Drake Letters Index 45. Drake to Louisa 8 January 1855 ◄ ● ► 47. Drake to Louisa 14 January 1855
The Drake Letters
William Henry Drake (Balaklava) № 37 - Louisa Drake (London), 12 January 1855
№ 37 Balaklava 12 Jany. [1855] 1
My dear Lu,
        Yours of 23/24 Decr. was recd. the evening before last. We have nothing new since my last on the 8th except that fine weather had good effect on man & beast   today we have a return of Snow. I have not felt it very Cold yet the Thermometer goes down to about 28ยบ 2 or some 48 degrees higher than at St John 3    nevertheless in Tents they suffer much from the Cold – I saw Major Welsford 4 yesterday he has been ill & looks thin but says he is better   The Regt. has suffered considerably
The great topic here is a great leader in Times of the 25th Decr. cutting up Lord Raglan & Staff severely 5    It has given great satisfaction to all here but the parties spoken of, & is generally considered as true – lots of timber & warm Clothing are landed & gone to Camps especially those near here but Timber for those in the lines before Sevastopol is a very long job, as to getting it up   We have not Transport enough for getting up the necessary Supplies – We have no tidings about the Promotion yet but expect to each mail as it arrives   You will know all whichever way it goes before this   we have all the nuisance of hope deferred
I was glad to hear my Fathers gout was better & hope it gradually disappeared altogether. We are gradually slipping through the winter the days are of course beginning to get longer
I think I mentioned Lundy had arrived at Constantinople but I have heard nothing of him except D.A.C.G. Blanc 6 who is under me saw him at Pera, he is to be here shortly. – Sir Colin Campbell 7 paid me another visit the day before yesterday about some things for his Highlanders
You see we are to have a Medal for our Service here at once rather an early gift considering the State of things but perhaps it is done to encourage the troops & something more than a medal is wanting for that   Winter Quarters I should think would always lead to grumbling but Winter & no quarters must naturally [word cut out from top of page] much more & I assure you we have plenty of it – I hope the Children enjoyed their Christmas Holidays every thing of course depended on the Weather – I should be very glad to be toasting my toes over a good fire in Gloucester Place 8 in preference to my present Visit to the Czars – there are constant rumors of peace yet & I shall be heartily glad to see them realized – I simply say hang the Christian Subjects 9 of the Porte at present they are the greatest set of rogues unhung & have done their best to assist Russia in their War – With love to all & thousands of Kisses believe me ever,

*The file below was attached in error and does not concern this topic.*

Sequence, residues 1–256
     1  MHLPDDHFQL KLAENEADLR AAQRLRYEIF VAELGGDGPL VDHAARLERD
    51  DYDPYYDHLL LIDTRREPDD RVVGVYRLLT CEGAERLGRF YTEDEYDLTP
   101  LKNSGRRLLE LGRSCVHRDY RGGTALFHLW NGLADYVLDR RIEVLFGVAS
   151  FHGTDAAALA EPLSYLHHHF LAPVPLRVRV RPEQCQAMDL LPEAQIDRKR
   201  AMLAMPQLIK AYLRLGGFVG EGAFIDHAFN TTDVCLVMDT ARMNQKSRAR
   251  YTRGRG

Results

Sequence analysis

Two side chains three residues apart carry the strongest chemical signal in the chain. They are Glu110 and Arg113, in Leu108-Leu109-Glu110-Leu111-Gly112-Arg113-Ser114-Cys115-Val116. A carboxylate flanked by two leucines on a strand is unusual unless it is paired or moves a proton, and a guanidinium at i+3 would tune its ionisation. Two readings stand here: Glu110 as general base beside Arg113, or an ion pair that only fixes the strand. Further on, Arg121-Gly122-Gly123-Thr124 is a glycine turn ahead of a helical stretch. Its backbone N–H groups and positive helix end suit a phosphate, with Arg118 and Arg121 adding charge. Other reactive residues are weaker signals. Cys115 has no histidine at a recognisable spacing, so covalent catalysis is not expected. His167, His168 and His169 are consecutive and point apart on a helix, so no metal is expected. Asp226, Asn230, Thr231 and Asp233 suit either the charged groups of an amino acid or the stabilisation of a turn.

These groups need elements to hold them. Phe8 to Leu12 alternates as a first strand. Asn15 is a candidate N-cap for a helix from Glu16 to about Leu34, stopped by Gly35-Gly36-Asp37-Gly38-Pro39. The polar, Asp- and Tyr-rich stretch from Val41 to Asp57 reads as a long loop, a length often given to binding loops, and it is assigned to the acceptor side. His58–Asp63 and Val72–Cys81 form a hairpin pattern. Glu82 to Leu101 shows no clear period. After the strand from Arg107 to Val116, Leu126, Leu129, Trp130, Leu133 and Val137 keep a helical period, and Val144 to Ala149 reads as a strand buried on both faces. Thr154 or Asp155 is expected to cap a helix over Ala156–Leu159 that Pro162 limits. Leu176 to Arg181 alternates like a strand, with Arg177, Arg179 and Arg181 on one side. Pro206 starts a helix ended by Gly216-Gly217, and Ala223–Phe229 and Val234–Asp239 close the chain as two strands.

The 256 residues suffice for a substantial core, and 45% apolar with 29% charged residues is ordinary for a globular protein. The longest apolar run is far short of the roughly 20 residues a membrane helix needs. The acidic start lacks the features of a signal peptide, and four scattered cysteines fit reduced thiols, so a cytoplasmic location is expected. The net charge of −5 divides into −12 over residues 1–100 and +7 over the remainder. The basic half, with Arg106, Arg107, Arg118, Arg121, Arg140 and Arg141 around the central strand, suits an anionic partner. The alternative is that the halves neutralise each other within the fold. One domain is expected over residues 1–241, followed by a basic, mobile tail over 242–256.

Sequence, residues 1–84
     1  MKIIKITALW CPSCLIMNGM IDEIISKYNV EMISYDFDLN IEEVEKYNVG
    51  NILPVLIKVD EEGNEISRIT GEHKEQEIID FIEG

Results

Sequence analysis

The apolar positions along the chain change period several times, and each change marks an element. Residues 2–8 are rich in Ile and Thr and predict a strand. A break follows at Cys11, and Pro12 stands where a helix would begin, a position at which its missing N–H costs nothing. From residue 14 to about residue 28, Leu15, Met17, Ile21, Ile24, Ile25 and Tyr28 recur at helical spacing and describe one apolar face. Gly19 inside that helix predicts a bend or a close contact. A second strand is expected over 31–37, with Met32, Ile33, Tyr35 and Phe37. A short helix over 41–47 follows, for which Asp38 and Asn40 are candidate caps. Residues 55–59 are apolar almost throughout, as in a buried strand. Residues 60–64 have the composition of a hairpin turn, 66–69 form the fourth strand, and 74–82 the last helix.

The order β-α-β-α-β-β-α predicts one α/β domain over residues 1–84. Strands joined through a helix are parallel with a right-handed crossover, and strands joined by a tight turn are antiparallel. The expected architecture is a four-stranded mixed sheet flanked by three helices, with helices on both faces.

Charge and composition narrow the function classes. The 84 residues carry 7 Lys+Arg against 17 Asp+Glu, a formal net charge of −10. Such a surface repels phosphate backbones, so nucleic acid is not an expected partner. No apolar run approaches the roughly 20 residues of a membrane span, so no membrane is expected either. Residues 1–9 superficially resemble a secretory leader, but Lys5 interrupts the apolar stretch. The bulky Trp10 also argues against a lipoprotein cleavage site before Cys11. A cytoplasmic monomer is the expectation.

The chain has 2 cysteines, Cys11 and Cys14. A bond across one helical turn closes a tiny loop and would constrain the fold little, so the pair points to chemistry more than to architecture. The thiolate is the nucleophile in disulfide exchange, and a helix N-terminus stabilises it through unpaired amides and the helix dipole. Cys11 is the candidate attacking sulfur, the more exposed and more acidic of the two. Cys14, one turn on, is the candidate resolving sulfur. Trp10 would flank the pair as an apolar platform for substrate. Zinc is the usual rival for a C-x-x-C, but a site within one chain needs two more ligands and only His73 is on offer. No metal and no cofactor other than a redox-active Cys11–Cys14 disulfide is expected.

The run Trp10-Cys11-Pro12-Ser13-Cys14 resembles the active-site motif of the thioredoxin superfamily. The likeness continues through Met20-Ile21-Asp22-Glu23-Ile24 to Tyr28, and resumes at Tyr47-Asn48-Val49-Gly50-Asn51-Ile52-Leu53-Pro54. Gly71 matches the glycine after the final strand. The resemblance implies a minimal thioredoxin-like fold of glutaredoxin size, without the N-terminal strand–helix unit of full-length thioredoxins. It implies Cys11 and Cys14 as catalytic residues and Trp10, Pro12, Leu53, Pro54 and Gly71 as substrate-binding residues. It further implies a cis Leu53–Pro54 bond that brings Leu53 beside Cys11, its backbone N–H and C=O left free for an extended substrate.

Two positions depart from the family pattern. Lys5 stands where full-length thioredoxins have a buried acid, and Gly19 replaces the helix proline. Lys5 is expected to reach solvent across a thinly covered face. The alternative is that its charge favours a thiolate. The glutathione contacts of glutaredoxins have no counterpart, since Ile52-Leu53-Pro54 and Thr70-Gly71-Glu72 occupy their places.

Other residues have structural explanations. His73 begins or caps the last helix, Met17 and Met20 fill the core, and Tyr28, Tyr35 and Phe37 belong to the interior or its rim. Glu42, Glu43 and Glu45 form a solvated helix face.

Your affectionate Hub
W. H. Drake

1. Private family manuscript (Judith Hall and Sally Mac, Auckland, New Zealand).
2. It is unclear whether this says 28° or 20°.
3. Henry and Louisa were stationed at St. John, New Brunswick from 1850 until 1854.
4. Major Augustus Frederick Welsford, 97th Regiment.
5. In part this leader reads: “Will it be believed that the authorities in the Crimea will neither take proper care of the sick and wounded themselves, nor allow others to do it for them? The chaplains, who at first gladly distributed the comforts procured by the fund at our disposal, have been peremptorily forbidden to do so any more, and it appears to be thought more in accordance with military discipline that an English soldier should perish from hunger or cold than that he should be clothed and fed by a private hand. ... Yet, for the honour of our country, for the honour of the Church of England, the credit of which is compromised in the neglect of Christian duty, – for the honour of Christianity itself in the presence of the Turks, we do beg and pray that the British hospital at Scutari, and still more that of Balaklava, may be rescued from the miserable, disorderly state, in which they have hitherto been. Every Englishman should blush to read the contrast between our hospital and that of the French, which is rather the difference between a barbarous and civilized people – between infidels and Christians, than between two neighbouring nations who have been a thousand years intimately acquainted with one another. We say it is the duty of Government to see that all our hospitals, at the camp, at Balaklava, and at the Bosphorus, shall be quite up to the French standard – more we cannot expect. ... Let us reform our hospitals to the French standard, and do it confessedly as following their example, and we shall show in deeds our high estimation of our allies. Next to the aid that brave men render one another in field, there is nothing that can bind soldiers together so much as working together in those pious works that remain to be done when the battle is over. We trust that Government will not allow even the prosecution of war itself to interfere with assistance to its victims. That is not the custom even of savages, and we shall not deserve success if we seek it exclusively by the neglect of all ordinary obligations.” [The Times (London, England), 25 December 1854, p. 6.]
6. DACG Charles Garrow Blanc.
7. Sir Colin Campbell, Lord Clyde, British Field-Marshal.
8. Henry had taken a 12 month lease on a house at 1 Gloucester Place, London (W1), between Park Rd. & Seymour St., before he left for the Crimea. His family were now living there.
9. The Crimean War was ostensibly started by the ultimatum sent by Tsar Nicholas I to the Turkish Sultan demanding that the Sultan recognise the right of the Russians to represent and protect his Christian subjects. The Sultan rejected this claim, and declared war on Russia. [C. McEvedy, The Penguin atlas of recent history: Europe since 1815, (London, 1982), p. 16.]

Drake Letters Index 45. Drake to Louisa 8 January 1855 ◄ ● ► 47. Drake to Louisa 14 January 1855